NPR's Tovia Smith checked it out at a public school in Brooklyn.

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Lawmakers are promising new efforts to restore jobless benefits for long-term unemployed, but it may take a while - 1.4 million people who've been out of work long term saw their benefits disappear three weeks ago. Congress failed to agree on funding to renew them. NPR's Tovia Smith visited with a few people who are without work in Boston.

Ross Miner is among those competing for a spot on the U.S. Men's figure skating team Friday night in Boston. He is a hometown favorite who is bringing some local flavor to his performance — he's going to tell the story of last year's Boston Marathon bombing.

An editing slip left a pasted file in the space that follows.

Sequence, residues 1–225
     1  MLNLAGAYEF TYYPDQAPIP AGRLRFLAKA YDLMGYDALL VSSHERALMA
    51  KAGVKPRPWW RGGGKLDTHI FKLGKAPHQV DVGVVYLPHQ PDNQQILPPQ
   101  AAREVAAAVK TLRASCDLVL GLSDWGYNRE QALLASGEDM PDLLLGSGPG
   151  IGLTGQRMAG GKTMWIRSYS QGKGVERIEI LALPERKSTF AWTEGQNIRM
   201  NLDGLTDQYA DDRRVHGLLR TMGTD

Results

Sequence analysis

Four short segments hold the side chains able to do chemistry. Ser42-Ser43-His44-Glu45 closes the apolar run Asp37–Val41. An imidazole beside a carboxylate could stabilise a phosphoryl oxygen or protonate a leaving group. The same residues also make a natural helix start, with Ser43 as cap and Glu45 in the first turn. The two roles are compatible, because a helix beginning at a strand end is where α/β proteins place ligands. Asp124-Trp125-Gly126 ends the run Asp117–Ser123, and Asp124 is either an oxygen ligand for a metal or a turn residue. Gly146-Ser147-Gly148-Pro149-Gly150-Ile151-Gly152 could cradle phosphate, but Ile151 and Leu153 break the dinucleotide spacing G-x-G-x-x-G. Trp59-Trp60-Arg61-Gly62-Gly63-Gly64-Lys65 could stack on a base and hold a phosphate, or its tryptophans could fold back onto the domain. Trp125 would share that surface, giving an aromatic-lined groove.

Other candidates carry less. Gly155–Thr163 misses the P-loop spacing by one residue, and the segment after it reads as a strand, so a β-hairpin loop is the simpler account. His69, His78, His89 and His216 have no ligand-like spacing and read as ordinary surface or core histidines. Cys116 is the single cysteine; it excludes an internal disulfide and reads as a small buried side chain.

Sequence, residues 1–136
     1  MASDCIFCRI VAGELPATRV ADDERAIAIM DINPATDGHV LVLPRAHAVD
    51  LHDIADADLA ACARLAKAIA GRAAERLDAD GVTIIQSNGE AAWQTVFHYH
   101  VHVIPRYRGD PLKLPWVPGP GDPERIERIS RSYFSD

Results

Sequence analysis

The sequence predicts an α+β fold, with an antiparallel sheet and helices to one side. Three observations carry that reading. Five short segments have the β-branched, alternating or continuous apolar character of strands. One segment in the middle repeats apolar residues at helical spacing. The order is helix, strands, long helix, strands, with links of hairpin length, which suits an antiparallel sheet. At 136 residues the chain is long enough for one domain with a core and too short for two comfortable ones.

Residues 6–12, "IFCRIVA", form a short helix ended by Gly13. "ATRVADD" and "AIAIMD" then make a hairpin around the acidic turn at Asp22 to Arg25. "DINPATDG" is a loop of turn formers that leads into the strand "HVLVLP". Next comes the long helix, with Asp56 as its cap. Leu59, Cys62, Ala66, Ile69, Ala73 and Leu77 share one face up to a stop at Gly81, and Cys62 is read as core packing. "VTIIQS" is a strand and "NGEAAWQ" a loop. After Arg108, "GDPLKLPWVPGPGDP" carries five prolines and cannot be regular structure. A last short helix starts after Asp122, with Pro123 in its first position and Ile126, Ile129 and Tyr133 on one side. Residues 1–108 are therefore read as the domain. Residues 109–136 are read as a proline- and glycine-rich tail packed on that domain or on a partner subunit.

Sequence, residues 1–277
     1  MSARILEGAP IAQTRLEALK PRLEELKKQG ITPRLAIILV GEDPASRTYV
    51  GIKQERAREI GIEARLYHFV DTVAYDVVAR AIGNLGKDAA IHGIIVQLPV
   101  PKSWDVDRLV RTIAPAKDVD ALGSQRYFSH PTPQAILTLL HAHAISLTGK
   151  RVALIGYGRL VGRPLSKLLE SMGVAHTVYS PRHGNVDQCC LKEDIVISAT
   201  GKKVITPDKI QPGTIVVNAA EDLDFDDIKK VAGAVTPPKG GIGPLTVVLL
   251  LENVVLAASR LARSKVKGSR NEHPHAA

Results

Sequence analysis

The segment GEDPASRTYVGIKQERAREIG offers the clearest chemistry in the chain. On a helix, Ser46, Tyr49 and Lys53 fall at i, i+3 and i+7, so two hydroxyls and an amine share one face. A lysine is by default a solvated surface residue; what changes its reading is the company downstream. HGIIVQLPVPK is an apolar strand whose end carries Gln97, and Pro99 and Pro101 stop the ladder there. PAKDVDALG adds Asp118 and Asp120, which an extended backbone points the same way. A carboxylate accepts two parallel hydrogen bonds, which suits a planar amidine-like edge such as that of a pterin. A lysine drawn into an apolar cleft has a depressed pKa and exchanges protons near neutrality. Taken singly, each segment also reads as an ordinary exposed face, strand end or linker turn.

As much as Dec. 14 will forever be a day of unfathomable grief for Nelba Márquez-Greene, Dec. 13 will be one of unending gratitude.

"I will never forget that day," she says.

On that day, Márquez-Greene stopped the usual frantic drill: rushing to activities and errands, worrying about the dishes and laundry, even cleaning up the mess on the floor.

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Victims wept in court today as a federal judge sentenced Boston mob boss James "Whitey" Bulger to two life terms in prison, plus five years, ensuring that the now 84-year-old will never walk free. Bulger was convicted in August of running a massive racketeering operation that spanned decades and included extortion, drug running and at least 11 murders. NPR's Tovia Smith was in court and joins us now. Hi, Tovia.